Pattern of major surgery among the elderly and aged patients seen in Kampala, Uganda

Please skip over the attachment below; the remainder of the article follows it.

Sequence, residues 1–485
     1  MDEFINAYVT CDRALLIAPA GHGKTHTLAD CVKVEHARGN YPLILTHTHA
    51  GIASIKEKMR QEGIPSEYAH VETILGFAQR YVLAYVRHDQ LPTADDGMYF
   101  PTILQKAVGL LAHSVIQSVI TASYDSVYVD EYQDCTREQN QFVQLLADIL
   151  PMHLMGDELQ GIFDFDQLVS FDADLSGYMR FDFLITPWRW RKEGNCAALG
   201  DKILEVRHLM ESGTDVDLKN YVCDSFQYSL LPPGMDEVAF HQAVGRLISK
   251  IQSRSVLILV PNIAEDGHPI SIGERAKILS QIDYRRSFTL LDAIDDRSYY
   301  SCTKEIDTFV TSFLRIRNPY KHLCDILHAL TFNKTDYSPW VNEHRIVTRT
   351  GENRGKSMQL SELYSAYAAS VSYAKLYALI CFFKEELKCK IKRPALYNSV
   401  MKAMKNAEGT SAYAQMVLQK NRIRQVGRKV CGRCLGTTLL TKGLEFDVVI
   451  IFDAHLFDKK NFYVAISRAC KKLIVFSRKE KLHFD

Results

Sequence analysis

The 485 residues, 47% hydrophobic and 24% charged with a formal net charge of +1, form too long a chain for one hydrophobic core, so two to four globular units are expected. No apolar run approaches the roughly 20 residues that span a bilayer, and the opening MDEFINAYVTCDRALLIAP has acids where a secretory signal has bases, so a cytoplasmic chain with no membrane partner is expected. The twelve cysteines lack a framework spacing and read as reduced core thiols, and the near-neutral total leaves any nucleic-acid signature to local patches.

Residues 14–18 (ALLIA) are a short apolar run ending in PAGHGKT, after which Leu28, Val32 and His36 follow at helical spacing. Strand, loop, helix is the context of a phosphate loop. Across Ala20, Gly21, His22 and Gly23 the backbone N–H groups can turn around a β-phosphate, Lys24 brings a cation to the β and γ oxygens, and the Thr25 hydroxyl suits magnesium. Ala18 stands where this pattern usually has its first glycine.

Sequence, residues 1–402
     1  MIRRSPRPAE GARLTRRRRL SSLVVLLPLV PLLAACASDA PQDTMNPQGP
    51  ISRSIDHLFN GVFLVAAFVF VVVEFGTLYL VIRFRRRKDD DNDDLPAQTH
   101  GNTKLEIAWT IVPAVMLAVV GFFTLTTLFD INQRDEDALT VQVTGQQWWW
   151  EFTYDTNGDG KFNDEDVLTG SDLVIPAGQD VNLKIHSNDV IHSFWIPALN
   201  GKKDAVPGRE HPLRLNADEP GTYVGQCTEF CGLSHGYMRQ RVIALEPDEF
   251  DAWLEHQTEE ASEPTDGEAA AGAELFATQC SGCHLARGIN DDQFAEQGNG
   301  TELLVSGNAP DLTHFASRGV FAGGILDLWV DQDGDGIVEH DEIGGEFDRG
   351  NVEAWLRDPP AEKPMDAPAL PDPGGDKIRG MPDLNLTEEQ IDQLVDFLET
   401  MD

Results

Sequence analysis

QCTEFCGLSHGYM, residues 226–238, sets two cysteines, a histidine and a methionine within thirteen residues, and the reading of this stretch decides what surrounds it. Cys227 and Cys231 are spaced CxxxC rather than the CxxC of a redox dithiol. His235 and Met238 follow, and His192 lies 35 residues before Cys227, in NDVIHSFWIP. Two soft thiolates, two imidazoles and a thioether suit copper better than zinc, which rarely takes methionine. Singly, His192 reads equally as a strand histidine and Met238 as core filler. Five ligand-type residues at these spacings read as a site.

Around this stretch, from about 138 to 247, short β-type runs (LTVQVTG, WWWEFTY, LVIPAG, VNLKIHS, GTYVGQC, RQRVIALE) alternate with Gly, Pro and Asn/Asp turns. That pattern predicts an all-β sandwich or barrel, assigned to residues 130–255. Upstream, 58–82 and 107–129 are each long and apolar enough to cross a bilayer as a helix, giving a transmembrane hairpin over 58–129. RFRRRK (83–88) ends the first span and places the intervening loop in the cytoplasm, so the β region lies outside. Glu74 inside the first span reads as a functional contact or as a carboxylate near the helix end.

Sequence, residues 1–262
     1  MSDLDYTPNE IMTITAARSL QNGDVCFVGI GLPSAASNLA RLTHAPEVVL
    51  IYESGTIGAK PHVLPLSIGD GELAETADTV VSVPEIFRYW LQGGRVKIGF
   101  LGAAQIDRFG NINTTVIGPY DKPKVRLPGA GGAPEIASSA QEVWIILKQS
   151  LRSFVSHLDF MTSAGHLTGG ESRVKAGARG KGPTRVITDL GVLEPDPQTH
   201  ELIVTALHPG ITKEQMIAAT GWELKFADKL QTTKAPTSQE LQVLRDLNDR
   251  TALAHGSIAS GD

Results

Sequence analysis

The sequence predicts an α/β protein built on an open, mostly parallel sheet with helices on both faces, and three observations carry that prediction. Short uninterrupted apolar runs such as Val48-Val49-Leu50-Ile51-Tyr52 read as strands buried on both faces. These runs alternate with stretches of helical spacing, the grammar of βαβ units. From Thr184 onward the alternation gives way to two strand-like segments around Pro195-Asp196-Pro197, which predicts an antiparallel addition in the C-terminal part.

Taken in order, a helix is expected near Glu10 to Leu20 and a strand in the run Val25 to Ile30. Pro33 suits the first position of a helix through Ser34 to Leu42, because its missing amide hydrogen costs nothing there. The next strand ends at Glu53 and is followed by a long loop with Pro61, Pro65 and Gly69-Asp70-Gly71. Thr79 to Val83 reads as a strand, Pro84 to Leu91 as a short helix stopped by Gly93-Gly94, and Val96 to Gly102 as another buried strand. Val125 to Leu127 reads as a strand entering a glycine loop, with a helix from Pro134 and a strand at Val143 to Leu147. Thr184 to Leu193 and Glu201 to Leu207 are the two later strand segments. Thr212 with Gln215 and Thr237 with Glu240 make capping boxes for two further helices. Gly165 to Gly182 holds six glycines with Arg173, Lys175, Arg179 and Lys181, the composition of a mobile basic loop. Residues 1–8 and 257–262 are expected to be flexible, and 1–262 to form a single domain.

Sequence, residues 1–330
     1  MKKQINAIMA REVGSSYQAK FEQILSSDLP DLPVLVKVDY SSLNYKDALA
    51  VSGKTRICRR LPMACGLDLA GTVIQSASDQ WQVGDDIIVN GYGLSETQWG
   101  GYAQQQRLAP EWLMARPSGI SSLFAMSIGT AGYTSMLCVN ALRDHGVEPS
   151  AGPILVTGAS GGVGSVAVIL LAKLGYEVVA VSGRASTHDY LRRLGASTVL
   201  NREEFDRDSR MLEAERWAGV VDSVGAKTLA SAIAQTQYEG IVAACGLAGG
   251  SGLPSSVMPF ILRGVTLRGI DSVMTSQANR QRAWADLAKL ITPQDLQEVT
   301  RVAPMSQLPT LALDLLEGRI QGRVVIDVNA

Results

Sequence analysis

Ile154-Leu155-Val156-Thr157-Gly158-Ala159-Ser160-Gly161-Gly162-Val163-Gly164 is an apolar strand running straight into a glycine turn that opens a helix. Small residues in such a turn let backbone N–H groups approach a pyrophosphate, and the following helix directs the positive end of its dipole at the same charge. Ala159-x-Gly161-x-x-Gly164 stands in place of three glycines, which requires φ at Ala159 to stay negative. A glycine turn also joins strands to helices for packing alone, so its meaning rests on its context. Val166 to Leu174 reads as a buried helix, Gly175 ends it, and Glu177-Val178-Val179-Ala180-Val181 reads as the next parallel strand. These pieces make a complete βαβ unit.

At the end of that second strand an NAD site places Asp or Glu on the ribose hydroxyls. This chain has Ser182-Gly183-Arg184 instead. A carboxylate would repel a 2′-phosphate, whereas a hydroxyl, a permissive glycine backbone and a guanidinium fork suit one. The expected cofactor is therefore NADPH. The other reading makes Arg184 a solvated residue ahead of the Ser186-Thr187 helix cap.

A cross sectional descriptive prospective study was conducted at three of Kampala's tnain hospitals with the aim of determining the pattern of major surgery among the elderly and aged patients over a six months period from 1" July to 31" December 1999. In the study, patients aged between 65 and 74 years were regarded as elderly while those aged 75 years and above were considered aged. A total of 196 patients were included in the study. There were 152 (75.5%)males and 46 (23.5%) females (M: F=3:1). More elderly patients than the aged were operated on. Only 25.3% of the emergencies. Operations on the gastrointestinal tract were the commonest and accounted for 36.9% of cases, followed by surgery of the genitourinary (30.8%) and cardiovascular (13.1%) systems. In 63% of cases, the operations were palliative. Wound sepsis was the commonest postoperative complication and accounted for 17.8% of all complications. There were 19 deaths, an overall mortality rate of 9.6%. Thirteen (68.4%) of all deaths occurred after operations on the gastrointestinal tract. The mean hospital stay was 11.6 days for both the elderly and aged. Both the short and long term outcome of both emergency and elective operations were good. The study confirmed that age should not be a contraindication to surgery.